After years of facing relatively few obstacles to his Iraq policies from the legislative branch, President George W. Bush now confronts dual resolutions (WashPost) from both chambers of Congress demanding an end to combat operations there sometime next year. The Senate's vote to set a March 31, 2008 deadline for ending U.S. combat operations in Iraq, passed by a slim 50-48 margin, may be vetoed by the president. But it definitively ends a period beginning with a vote in 2002 to grant Bush broad warmaking powers in which Congress has deferred to the executive on such issues.
The vote will fuel a new debate over whether Congress has finally owned up to its obligations (WashTimes) or is vastly overreaching itself (USA Today). A more cynical view from Los Angeles Times columnist Ronald Brownstein is that politics, and not principle, drives both sides of the debate. CFR Senior Fellow Peter Beinert argues in TIME that the Democrats are right, both in the policy sense and politically, to force this debate. This Council Special Report by CFR Senior Fellow Steven Simon urged a similar course, though only after the latest increase in U.S. troops in Iraq was given time to have effect.
The president and his mostly Republican supporters argue the latest policy change in Iraq—the "surge" of over 20,000 new U.S. troops into the country—has not had time to prove itself. Baghdad’s death rate is down, according to an update from Kenneth Katzman of the Congressional Research Service, but bombings in “belts” around the capital and area provinces like Diyalah are up. U.S. casualties are down in February, but a number of well-coordinated suicide attacks, particularly one against Shiite pilgrims en route to Karbala, suggest that sectarian violence remains. “There is a real glimmer of hope, but no proof of progress” (NYT), write the Brookings Institution’s Jason Campbell and Michael O’Hanlon. General David Patraeus also sounded optimistic (BBC) and said by early summer a clearer picture of the strategy’s effectiveness should emerge. The surge is not even half-complete, he added. Only ten thousand out of an expected twenty-five thousand additional American soldiers have been deployed.
The surge also consists of roughly thirty joint U.S.-Iraqi security bases scattered throughout Baghdad to allow U.S. and Iraqi forces greater round-the-clock access to insecure neighborhoods, writes Monte Morin in Stars & Stripes. Markets in the capital are closed to daytime vehicle traffic. The result has been a drop in civilian casualties (WashPost), Pentagon officials say. Previously deserted neighborhoods, such as the Karada district in eastern Baghdad, have returned to life. Shiite slums like Sadr City have been temporarily cleared of militias. And the Shiite Mahdi Army, while not exactly neutered, has been quieter as of late and lying low. To try to boost nonmilitary efforts to stabilize Iraq, policymakers from Iraq and its six neighbors recently released the "Marmara Declaration" (PDF) outlining 36 further steps. Among them was a reform of de-Baathification laws, which the declaration said was “essential to national reconciliation, as well as to gaining political support from Sunni Arab states.” Iraq’s prime minister and president this week followed up by approving a draft law allowing members of Saddam’s former ruling Baath party, mostly Sunnis, to return to public sector jobs. But the measure was drawing fire (Reuters) Tuesday from an independent Iraqi panel that oversaw the purge of Baathist officials.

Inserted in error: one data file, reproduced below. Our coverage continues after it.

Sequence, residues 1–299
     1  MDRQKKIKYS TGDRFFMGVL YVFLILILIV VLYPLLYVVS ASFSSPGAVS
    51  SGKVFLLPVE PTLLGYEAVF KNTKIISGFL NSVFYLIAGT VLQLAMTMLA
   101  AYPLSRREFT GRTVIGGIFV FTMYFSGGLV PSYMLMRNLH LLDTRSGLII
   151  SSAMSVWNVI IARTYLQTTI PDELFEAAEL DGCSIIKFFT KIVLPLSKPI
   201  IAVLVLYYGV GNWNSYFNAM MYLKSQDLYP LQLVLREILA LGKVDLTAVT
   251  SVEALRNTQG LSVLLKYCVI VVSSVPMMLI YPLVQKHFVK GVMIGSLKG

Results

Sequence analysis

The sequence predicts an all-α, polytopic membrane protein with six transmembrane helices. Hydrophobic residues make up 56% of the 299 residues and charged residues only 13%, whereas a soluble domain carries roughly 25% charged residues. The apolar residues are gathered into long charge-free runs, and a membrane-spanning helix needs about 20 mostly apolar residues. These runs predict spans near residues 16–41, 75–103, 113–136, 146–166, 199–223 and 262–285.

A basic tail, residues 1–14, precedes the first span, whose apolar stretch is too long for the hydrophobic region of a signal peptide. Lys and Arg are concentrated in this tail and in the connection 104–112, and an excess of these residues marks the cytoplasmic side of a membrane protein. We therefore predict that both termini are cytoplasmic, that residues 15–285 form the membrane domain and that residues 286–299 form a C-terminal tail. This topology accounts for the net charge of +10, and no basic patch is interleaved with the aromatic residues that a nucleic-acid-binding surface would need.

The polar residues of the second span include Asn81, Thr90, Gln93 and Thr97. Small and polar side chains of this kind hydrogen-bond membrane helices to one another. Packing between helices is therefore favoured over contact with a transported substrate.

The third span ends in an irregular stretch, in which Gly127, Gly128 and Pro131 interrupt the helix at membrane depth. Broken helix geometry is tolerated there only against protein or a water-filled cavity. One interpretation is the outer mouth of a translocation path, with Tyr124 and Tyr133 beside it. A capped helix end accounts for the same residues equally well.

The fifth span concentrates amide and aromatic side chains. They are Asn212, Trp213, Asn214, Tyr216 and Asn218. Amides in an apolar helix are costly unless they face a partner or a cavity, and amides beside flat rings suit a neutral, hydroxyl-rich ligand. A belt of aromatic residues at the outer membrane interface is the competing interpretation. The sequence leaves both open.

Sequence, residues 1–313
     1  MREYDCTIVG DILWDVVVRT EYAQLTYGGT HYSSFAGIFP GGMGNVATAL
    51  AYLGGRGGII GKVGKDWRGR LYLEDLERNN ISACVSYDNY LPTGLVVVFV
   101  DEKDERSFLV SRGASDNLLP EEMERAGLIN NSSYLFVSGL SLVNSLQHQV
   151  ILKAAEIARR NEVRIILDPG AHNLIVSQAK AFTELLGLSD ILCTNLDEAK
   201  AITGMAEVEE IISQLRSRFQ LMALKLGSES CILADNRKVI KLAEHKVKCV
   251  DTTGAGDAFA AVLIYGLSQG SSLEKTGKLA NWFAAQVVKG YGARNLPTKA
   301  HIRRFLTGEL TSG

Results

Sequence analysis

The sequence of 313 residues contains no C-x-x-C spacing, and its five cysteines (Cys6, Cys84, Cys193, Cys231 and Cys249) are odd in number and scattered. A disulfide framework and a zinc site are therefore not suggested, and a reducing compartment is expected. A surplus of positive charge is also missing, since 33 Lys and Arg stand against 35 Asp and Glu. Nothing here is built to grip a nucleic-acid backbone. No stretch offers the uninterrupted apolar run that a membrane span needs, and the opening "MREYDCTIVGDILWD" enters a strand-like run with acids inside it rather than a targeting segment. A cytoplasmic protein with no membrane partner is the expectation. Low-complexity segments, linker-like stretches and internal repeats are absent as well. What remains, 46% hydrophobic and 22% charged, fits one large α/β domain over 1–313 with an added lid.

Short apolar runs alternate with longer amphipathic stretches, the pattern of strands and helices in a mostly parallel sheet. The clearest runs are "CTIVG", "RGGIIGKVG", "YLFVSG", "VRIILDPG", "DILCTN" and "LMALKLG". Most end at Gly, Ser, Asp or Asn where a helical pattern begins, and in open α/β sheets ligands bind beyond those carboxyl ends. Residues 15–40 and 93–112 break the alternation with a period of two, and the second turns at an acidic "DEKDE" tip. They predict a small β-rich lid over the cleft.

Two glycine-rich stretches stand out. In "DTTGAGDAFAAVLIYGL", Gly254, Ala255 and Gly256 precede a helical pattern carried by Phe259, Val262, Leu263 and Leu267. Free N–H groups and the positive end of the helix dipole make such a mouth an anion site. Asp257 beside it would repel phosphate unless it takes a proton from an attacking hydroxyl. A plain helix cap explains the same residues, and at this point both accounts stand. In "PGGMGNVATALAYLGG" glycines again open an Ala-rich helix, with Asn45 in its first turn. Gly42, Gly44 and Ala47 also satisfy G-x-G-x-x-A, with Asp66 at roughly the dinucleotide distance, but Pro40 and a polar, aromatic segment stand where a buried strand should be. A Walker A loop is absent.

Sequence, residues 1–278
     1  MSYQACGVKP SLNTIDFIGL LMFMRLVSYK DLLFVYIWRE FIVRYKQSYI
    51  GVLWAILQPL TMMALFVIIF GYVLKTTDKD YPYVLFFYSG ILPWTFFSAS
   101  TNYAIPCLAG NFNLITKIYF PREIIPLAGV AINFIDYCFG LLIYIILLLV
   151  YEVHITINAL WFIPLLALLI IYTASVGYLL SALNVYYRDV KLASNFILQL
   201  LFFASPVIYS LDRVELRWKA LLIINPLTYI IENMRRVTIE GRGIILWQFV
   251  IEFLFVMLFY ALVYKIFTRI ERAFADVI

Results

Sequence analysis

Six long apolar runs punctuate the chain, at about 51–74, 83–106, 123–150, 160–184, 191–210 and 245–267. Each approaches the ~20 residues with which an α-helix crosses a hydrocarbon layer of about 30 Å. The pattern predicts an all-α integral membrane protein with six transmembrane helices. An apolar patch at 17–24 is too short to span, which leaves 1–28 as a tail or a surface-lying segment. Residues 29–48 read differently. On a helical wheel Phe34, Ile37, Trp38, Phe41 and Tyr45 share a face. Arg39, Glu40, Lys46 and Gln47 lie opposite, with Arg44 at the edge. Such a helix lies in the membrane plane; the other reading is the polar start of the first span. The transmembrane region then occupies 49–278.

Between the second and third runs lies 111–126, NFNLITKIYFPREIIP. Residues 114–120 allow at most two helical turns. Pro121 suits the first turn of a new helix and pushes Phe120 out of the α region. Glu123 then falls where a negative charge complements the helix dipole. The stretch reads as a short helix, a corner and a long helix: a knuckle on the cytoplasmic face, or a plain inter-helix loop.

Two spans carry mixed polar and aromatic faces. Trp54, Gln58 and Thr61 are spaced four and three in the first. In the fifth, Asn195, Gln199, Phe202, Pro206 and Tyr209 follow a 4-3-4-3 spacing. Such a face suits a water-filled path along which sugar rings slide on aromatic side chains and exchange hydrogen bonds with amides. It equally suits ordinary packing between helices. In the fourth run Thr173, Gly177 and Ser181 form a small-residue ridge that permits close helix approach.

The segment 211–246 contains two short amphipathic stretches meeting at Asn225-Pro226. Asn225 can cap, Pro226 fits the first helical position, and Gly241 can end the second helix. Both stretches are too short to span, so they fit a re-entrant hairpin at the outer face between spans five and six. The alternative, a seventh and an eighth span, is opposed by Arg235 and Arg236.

While the surge has produced some modicum of security, it has not tempered Iraqis’ views of the American occupation. An ABC News poll finds that more than half of Iraq’s population, as opposed to 17 percent in 2004, now views violence against Americans (AP) as acceptable. Just 43 percent of Iraqis favor a pluralist form of democracy (USAToday)—down from 57 percent before the December 2005 elections.
Confidence in the war has also slipped stateside. Just 35 percent of Americans now support the president’s course in the war, according to a new CNN poll. Yet strangely, some pundits on both sides of the political spectrum now say the surge should be given a chance. “The odds are against it,” writes John Farmer of the Star-Ledger. “But if it does work … something of value might yet be salvaged from a monumental American mistake, not a democracy for sure but at least a reasonably stable country free of the clutches of Iraq or al-Qaeda.” Michael Boyle of the Guardian says the surge’s results have been “mixed at best” but admits “the number of bullet-ridden bodies scattered around Baghdad, perhaps the most regular and chilling reminder of the brutality of this war, has also dropped significantly.”